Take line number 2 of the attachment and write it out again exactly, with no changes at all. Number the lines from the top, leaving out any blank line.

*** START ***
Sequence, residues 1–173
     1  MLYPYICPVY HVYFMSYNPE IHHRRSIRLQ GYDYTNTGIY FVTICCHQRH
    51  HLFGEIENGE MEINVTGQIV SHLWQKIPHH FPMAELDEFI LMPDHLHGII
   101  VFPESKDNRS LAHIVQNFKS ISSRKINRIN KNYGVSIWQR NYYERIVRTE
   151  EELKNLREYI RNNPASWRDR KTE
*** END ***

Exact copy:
     1  MLYPYICPVY HVYFMSYNPE IHHRRSIRLQ GYDYTNTGIY FVTICCHQRH